Gina's Reviews > Sing You Home

Sing You Home by Jodi Picoult
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Goodreads Description- One miscarriage too many spelled the end of Max and Zoe Baxter's marriage. Though the former couple went quite separate ways, their fates remained entangled: After veering into alcoholism, Max is saved in multiple senses by his fundamentalist conversion; Zoe, for her part, finds healing relief in music therapy and the friendship, then romantic love with Vanessa, her counselor. After Zoe and Vanessa, now married, decide to have a baby, they realize that they must join battle with Max, who objects on both religious and financial grounds.

There are so many things I wish I could say about this book. I was at a loss of words when I finished it, and I still am speechless. But I want to write this review while the emotions it evoked are still at their strongest.

Picoult's characters are splendid - by the middle of the book I was immersed in Zoe's yearning for children and Max's difficulty with alcohol abuse, and I felt like they were real, breathing people. Vanessa's no-nonsense attitude I admired, and side characters like Dara and Lucy I came to love as well.

The writing was superb as always. The way she engages readers with detail and finesse is extraordinary. It is quite obvious she spent a great deal of time researching not only fertility treatments but IVF in particular. I am also amazed at the legal details she presents concerning GLBT rights as well as Evangelical Christian beliefs. She sites legal cases on both sides of the fence and I am sure Picoult has received positive and negative feedback from both sides of the aisle. Which leads me to the element that really made me appreciate this novel- Picoult's take on gay marriage, and homosexual inequality in contemporary society. I cannot adequately state how inspiring this book was to me in that regard. At first she seems to just present the facts and beliefs from both the Christian right and the GLBT community. It then becomes clear where the author stands when it comes to civil rights for ALL people. I applaud her courage for writing such a controversial book that strongly supports gay rights. What an inspiring read for any person who is having difficulty with coming to terms with their own sexuality.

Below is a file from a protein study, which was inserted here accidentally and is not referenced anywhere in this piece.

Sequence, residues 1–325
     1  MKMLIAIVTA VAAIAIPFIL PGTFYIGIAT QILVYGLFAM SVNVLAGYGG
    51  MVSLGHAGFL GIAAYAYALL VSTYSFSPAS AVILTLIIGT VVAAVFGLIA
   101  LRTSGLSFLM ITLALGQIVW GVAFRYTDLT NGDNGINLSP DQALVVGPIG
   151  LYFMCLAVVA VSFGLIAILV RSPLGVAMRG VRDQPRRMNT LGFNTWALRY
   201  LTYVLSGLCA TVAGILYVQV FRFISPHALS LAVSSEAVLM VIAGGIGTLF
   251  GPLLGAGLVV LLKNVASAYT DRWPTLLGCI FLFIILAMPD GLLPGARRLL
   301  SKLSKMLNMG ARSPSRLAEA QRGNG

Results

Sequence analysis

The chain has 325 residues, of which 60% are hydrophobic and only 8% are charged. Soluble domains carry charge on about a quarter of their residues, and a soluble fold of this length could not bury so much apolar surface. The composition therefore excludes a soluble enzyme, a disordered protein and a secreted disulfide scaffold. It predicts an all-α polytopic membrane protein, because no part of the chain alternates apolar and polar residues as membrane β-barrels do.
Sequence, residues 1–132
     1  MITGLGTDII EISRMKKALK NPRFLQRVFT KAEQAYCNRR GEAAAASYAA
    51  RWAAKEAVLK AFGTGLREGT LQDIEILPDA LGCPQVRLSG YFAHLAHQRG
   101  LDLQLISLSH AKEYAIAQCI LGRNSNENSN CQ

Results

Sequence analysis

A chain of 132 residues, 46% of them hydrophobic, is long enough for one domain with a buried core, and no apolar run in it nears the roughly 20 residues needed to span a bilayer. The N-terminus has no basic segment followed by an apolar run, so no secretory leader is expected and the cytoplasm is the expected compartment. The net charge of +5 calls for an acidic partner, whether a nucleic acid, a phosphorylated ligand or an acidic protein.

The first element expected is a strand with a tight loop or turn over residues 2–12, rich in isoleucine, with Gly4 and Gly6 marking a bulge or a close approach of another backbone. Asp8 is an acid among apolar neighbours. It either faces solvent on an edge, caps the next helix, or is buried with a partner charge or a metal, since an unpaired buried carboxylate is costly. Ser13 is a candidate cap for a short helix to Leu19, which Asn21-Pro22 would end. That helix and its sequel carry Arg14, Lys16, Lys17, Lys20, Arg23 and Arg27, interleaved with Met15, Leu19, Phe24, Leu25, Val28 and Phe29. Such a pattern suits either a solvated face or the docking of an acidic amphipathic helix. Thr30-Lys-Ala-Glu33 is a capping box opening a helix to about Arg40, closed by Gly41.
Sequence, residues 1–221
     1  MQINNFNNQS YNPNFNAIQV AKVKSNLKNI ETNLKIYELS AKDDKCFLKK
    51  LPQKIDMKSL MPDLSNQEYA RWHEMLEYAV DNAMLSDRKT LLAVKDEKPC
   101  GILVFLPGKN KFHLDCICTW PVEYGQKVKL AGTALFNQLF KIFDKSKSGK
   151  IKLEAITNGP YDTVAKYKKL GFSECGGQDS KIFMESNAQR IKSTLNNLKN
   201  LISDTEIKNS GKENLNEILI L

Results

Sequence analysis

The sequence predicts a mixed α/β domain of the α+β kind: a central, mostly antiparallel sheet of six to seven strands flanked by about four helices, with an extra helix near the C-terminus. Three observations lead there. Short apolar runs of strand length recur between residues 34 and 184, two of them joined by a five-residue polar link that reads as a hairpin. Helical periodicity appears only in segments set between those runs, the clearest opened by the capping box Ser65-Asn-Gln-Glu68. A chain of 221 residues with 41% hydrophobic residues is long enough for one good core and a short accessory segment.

I normally do not leave quotes from books, but as a liberal Catholic, these words really stood out for me. It is so powerful and eloquent but so simple to understand that I had to include it in my review.

"I remember my mother telling me that, when she was a little girl in Catholic school, the nuns used to hit her left hand every time she wrote with it. Nowadays, if a teacher did that, she'd probably be arrested for child abuse. The optimist in me wants to believe sexuality will eventually become like handwriting: there's no right way or wrong way to do it. We're all just wired differently.

It's also worth nothing that, when you meet someone, you never bother to ask if he's right- or left- handed.

After all: Does it really matter to anyone other than the person holding the pen?"

My own hopes for the future are that it never matters who is holding the pen. 5 stars!!


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Reading Progress

5.0% "Haven't read any further but I can't wait to get back into it!! I have been wanting to read this for awhile now!"
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